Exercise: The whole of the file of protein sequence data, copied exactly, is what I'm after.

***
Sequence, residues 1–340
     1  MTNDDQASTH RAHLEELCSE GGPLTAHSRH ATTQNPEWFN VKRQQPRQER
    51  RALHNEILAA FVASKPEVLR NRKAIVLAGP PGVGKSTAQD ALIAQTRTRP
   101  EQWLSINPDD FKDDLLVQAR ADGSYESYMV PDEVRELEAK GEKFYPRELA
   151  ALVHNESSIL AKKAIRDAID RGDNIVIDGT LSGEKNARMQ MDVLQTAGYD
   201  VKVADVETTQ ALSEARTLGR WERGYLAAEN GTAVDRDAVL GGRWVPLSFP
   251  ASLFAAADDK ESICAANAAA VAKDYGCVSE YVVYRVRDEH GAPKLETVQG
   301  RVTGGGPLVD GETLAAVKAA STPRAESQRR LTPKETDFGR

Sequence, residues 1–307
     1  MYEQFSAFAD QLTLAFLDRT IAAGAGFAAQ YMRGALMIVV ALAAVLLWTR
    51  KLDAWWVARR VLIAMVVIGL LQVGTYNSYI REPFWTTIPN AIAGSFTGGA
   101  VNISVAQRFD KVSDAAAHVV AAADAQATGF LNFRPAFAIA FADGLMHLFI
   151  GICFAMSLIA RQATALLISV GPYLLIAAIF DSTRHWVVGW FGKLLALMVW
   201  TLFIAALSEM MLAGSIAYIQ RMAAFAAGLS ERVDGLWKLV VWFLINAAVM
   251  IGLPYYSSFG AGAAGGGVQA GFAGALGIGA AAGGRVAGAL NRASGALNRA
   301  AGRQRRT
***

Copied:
Sequence, residues 1–340
     1  MTNDDQASTH RAHLEELCSE GGPLTAHSRH ATTQNPEWFN VKRQQPRQER
    51  RALHNEILAA FVASKPEVLR NRKAIVLAGP PGVGKSTAQD ALIAQTRTRP
   101  EQWLSINPDD FKDDLLVQAR ADGSYESYMV PDEVRELEAK GEKFYPRELA
   151  ALVHNESSIL AKKAIRDAID RGDNIVIDGT LSGEKNARMQ MDVLQTAGYD
   201  VKVADVETTQ ALSEARTLGR WERGYLAAEN GTAVDRDAVL GGRWVPLSFP
   251  ASLFAAADDK ESICAANAAA VAKDYGCVSE YVVYRVRDEH GAPKLETVQG
   301  RVTGGGPLVD GETLAAVKAA STPRAESQRR LTPKETDFGR

Sequence, residues 1–307
     1  MYEQFSAFAD QLTLAFLDRT IAAGAGFAAQ YMRGALMIVV ALAAVLLWTR
    51  KLDAWWVARR VLIAMVVIGL LQVGTYNSYI REPFWTTIPN AIAGSFTGGA
   101  VNISVAQRFD KVSDAAAHVV AAADAQATGF LNFRPAFAIA FADGLMHLFI
   151  GICFAMSLIA RQATALLISV GPYLLIAAIF DSTRHWVVGW FGKLLALMVW
   201  TLFIAALSEM MLAGSIAYIQ RMAAFAAGLS ERVDGLWKLV VWFLINAAVM
   251  IGLPYYSSFG AGAAGGGVQA GFAGALGIGA AAGGRVAGAL NRASGALNRA
   301  AGRQRRT